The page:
The trust domain control layer controls the assignment of the appropiate trust domain to the web application via the relevant trust policy. In general, trust policies will select one trust domain or another depending on the subject attributes and environment attributes that identify the web application.
This explicit separation of features and their dependent device capabilities addresses a number of significant requirements, as follows.
The web runtime must only grant access to features that are advertised as being dependencies of the web application. The access control system must ensure that only requested features are accessible to the web application. This requires that the access control system is able to control access based on the ID of a Feature.
It must be possible to represent both trust and access policies portably. This implies that all identifiers used in a security policy (both for features and for device capabilities) must be portably defined, and not (for example) based on any platform-specific API names. This requires that the identifiers for device capabilities are defined in a platform-independent way.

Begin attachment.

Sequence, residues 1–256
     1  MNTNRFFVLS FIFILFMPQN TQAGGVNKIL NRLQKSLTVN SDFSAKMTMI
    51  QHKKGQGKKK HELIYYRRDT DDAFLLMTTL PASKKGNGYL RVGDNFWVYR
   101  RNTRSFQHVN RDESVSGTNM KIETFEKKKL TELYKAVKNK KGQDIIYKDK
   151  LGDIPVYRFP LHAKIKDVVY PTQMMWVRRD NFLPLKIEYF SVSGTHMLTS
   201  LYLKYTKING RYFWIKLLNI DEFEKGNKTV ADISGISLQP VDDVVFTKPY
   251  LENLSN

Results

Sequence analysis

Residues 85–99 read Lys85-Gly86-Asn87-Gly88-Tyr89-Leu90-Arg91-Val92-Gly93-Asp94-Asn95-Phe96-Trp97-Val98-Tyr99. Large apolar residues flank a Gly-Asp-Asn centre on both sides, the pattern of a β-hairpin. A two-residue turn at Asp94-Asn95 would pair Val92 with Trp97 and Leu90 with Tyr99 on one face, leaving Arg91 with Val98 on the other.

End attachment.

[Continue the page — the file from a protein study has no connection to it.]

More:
Both the trust and access control systems consist of a number of logically distinct elements. This logical breakdown and associated terminology is adopted from XACML [[XACML20]] and illustrated below.
The specified functional components are as follows:
Policy Decision Point (PDP): for trust domain requests, the module that evaluates which trust domain should be assigned to a web application; for access requests, the module that evaluates whether or not a device API can be accessed by a web application, based on the current policy.